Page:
The murder case in Mary Barton reminds me of that in To Kill a Mockingbird, in that it seems to have been processed in a surprisingly slipshod mannner, but it is too long ago to know whether it was realistic or not. In the previous book I read, Bleak House, a contested will had been disputed in court for decades. That case had been modelled on two real cases that had lasted for years and had cost fortunes. In Mary Barton, a murder occurs Thursday one week and is tried on a Tuesday about twelve days later. That seems incredibly quick. There are other aspects about the case that seem odd from this day and age:

  • Mary's aunt Esther searches the scene of the crime and discovers a piece of paper that had been used as wadding. That wadding actually contained some incriminating evidence, so Mary wisely destroys it. However, it seems very odd that the police did not find it. Perhaps police were not very professional in those days.
  • The police did, however, find the murder weapon. A policeman dressed up as a workman and entered the suspect's mother's home. He asked her whether the gun was her son's. Was he allowed to do this? Shouldn't he have applied for a warrant? Wouldn't he have had to identify himself as a policeman. If not, would this evidence be admissible?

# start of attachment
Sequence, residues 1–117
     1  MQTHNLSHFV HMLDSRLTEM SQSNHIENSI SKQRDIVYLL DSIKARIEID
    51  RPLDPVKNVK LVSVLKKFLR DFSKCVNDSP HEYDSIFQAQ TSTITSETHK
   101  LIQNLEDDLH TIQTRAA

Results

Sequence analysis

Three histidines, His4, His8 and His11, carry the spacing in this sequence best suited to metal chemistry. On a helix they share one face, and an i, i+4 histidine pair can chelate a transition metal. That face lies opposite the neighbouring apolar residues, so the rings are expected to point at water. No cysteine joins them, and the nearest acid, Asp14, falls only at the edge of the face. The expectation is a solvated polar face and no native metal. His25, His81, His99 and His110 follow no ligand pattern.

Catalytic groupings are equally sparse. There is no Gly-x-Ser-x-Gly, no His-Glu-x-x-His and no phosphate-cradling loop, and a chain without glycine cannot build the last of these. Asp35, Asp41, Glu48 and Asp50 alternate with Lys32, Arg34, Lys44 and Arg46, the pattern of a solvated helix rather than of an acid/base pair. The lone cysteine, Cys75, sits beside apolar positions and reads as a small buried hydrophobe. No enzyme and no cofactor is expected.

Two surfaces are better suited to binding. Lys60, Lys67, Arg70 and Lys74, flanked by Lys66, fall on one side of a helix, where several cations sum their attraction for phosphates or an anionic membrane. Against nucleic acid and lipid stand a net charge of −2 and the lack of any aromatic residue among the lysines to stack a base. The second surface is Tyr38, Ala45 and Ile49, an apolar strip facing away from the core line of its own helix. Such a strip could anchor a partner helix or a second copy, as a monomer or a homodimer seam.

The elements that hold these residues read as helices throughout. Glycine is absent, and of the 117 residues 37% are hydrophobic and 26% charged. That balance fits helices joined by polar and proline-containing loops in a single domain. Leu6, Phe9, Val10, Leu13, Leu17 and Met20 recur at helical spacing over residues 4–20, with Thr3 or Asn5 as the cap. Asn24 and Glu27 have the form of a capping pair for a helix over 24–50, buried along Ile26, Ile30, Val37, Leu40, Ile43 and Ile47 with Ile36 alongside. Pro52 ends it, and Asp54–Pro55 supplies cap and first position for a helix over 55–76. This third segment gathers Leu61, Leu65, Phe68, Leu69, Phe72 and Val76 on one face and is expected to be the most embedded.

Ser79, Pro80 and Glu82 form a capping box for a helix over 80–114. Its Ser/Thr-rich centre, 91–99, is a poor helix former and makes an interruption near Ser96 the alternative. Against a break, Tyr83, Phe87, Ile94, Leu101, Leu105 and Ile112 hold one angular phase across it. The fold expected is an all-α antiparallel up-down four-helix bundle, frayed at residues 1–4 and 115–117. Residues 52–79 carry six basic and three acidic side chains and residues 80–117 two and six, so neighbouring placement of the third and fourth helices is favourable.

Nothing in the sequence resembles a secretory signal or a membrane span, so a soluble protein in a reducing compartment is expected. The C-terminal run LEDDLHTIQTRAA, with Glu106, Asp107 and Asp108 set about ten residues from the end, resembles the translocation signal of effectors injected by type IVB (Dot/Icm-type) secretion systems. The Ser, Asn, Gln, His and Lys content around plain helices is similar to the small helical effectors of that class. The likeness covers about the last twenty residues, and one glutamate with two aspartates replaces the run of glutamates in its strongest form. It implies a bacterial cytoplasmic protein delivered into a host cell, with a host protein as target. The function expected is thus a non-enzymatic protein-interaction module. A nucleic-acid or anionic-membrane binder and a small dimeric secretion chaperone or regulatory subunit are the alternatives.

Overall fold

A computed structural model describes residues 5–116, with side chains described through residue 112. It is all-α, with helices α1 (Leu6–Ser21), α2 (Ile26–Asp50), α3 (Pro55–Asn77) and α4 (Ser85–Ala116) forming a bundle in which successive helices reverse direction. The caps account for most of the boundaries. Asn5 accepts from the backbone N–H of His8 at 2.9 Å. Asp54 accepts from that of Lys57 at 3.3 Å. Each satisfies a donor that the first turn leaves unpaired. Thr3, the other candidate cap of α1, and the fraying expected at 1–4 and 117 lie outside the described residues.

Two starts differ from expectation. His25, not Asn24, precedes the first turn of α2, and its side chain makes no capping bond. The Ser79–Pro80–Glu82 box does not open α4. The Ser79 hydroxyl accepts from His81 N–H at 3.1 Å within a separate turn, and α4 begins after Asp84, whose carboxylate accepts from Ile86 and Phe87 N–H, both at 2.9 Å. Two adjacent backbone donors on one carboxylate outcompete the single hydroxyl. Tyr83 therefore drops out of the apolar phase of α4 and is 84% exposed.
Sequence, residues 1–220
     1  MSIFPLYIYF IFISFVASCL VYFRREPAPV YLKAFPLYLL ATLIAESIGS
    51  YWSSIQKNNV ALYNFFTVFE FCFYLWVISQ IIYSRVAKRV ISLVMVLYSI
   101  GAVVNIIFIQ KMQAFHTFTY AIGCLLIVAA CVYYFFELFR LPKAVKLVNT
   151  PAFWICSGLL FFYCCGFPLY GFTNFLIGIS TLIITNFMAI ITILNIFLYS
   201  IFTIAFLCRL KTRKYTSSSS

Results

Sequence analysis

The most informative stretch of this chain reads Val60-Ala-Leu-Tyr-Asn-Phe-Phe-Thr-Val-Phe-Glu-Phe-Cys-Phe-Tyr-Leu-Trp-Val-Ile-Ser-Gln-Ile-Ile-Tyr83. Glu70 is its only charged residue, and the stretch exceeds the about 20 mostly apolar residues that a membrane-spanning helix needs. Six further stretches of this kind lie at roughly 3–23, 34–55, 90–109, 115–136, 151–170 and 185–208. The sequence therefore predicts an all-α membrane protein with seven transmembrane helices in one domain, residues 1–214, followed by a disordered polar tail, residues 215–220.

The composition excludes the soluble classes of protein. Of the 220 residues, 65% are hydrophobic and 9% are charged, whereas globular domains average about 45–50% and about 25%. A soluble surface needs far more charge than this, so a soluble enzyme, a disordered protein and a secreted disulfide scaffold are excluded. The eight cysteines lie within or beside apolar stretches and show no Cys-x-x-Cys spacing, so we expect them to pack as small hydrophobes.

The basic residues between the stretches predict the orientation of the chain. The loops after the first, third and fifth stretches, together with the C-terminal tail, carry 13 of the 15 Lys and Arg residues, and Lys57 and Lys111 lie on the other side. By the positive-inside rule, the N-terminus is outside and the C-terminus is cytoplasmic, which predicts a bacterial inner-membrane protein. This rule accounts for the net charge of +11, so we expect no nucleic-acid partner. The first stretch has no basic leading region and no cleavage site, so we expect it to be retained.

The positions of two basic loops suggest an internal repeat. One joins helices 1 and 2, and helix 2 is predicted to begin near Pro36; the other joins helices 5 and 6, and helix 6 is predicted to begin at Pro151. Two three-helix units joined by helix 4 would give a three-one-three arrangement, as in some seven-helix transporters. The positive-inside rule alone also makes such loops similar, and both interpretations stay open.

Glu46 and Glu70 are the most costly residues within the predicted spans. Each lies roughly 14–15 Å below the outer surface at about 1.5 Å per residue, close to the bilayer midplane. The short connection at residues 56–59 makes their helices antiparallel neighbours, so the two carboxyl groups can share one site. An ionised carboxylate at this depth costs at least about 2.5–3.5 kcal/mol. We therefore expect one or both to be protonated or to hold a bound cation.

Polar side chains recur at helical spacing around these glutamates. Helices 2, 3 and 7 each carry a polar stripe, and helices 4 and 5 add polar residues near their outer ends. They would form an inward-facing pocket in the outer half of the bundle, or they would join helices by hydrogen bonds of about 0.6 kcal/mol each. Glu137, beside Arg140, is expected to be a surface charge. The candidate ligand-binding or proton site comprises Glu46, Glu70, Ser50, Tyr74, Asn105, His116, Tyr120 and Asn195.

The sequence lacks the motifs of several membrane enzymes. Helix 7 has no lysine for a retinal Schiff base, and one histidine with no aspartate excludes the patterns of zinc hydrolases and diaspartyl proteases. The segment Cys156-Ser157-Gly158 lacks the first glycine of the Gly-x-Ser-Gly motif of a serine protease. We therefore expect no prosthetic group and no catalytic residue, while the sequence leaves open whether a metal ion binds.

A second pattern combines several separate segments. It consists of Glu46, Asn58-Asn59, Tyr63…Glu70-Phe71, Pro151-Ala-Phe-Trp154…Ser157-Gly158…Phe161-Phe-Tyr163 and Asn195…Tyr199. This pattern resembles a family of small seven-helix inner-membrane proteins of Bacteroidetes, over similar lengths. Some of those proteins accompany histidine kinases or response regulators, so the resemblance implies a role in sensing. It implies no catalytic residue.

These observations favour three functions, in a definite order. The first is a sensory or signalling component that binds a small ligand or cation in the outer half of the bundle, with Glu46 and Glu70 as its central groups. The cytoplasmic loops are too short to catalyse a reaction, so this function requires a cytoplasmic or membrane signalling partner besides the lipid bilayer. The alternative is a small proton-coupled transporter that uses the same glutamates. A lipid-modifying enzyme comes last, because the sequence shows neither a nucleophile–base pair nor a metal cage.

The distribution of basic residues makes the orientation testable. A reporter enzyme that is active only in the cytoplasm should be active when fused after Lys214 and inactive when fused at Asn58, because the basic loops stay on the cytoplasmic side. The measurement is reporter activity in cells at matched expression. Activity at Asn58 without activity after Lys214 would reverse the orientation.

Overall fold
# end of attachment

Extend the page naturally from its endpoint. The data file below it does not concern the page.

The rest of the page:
• The murder suspect was walking with another man to Liverpool. This man could have provided him with an alibi. That being so, why did Mary have to hunt him down rather than the police?
  • The man who could have provided the alibi was a sailor, and he had nearly sailed out of Liverpool by the time Mary found him. Supposing he had sailed, what would the court have done? Would they really have hanged the man?
  • Not only is it a very short time from crime to trial, it seems that the case has to be completed in a very short time. Couldn't the suspect's lawyer ask for an adjournment, especially in the event of the suspect's alibi having sailed off?
  • Mary overhears some lawyers speaking about the case on the train. They said that usually a jury would not convict on circumstantial evidence, and that usually the police would have spent more time collecting evidence; however in this case the circumstantial evidence was very strong. In addition, the victim's father was rich and powerful and bringing a lot of pressure to bear on a conviction being obtained quickly. Was the judiciary system really that spineless?